The PR complained about my excessive Chicago-style commas and I agree that this story doesn't need such heavy bracing. I have changed to Oxford style, and as part of this style, a comma is only required between independent clauses joined by coordinating conjunctions when clarity demands it. Thus as in the sentence, "The PR complained and I agreed," there are missing commas that would be run-ons under Chicago and most other American styles.

I also use "then" as a coordinating conjunction as an idiosyncrasy. This spares many commas, semicolons, and words "and". I prefer:
- The light glowed a bright amber that filled the room, then the door opened.
- filling in to the right then to the left
to the standard:
- The light glowed a bright amber that filled the room; then, the door opened.
- filling in to the right, then to the left -or- ... right and then to ...

Whoa...love it. It's got a very calming mood. I almost hear calming music in the background of it. I love how it's just about (superficially) watching paint dry but then it gets all deep and great.
Nice job.

Hello there. I'm from High Quality Fictions and I'll be doing a review of your story. This comment will be copied to this thread.
I apologize beforehand if this sounds too angry/aggressive. This is just my method of reviewing; nothing personal.

The fanfic begins with a very annoying climate description, which is a bad starter for stories in general, but this one goes as far as to state the temperature in degrees Fahrenheit and the humidity in the air, which are things that are unimportant for little ponies who don't need to make a plane take off or land. Then it shifts to an accurate description of their clubhouse, which sounds exactly like the weather description; robotic. This part of the story feels like it is a block of thoughts and ideas piled up on top of each other; the text flow isn't that good. And my tip to the author: you don't need to describe every angle of each object in the story; we know what the CMC's Clubhouse looks like. We've all seen the show. In all honesty, I think this text goes from exaggeratedly purple to building blocks of thoughts much too quickly.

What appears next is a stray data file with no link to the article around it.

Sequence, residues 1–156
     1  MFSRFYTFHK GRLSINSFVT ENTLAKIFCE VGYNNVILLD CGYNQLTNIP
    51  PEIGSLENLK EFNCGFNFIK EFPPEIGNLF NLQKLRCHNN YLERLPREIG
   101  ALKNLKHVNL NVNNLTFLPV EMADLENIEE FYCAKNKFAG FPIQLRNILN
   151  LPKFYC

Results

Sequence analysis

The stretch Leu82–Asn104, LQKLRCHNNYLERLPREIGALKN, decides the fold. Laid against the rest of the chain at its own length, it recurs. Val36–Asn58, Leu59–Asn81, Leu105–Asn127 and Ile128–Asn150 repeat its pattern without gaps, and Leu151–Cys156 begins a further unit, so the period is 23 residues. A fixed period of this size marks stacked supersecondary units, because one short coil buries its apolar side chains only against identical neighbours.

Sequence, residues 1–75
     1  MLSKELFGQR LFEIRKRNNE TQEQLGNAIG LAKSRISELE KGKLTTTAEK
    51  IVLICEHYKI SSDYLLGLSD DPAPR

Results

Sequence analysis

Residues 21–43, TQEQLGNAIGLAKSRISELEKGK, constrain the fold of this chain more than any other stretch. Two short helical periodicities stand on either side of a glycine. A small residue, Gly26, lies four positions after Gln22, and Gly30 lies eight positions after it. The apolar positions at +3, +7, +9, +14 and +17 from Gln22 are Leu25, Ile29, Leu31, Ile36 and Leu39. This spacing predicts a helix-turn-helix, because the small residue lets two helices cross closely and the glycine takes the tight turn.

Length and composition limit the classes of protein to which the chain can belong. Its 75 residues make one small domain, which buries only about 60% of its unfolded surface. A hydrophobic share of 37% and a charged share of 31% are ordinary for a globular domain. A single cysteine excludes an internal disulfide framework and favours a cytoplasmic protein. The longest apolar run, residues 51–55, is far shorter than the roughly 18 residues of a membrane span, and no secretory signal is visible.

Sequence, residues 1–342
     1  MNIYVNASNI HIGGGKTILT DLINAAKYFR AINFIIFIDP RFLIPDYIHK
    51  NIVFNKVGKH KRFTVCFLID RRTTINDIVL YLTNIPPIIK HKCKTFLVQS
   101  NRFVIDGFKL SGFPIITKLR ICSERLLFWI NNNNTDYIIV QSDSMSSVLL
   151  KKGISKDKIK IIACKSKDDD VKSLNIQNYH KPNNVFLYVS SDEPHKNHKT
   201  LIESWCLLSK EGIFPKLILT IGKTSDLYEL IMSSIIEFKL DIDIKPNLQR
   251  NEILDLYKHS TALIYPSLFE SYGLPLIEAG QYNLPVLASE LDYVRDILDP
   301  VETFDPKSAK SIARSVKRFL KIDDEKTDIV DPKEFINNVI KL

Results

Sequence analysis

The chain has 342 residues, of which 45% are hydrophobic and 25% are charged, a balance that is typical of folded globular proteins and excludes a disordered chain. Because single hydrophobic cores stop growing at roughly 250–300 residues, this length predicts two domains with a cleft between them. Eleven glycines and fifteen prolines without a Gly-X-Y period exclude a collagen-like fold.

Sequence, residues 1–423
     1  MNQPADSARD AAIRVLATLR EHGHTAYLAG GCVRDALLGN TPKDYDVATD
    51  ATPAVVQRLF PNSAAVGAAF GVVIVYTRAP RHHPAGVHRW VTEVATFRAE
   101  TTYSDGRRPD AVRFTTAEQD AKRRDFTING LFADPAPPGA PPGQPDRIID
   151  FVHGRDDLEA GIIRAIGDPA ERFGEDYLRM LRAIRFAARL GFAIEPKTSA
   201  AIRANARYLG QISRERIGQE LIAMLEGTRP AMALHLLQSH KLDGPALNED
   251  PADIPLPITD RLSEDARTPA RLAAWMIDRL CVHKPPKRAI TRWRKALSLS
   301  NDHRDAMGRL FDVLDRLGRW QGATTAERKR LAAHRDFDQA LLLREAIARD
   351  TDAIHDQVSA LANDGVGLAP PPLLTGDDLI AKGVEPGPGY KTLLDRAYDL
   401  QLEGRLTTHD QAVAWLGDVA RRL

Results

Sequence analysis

And the characters... they aren't OoC per se, but they are... mature. They aren't kids anymore. This becomes clear once you look at their dialogs and their remarks about everyday stuff. I know that, in the text, it said that the CMCs are teenagers now, but if that really is the case, you should've explained so somewhere in the story, not just toss this information around.
Over all, this is the kind of story that I like -- even though it could've been better -- the silly ones that have no purpose other than their own existence and, even though I myself liked it (if I disregard the mistakes pointed out above), I can't say it is of high quality to make into the group. I mean- it isn't a story in itself, more like the telling of a silly event.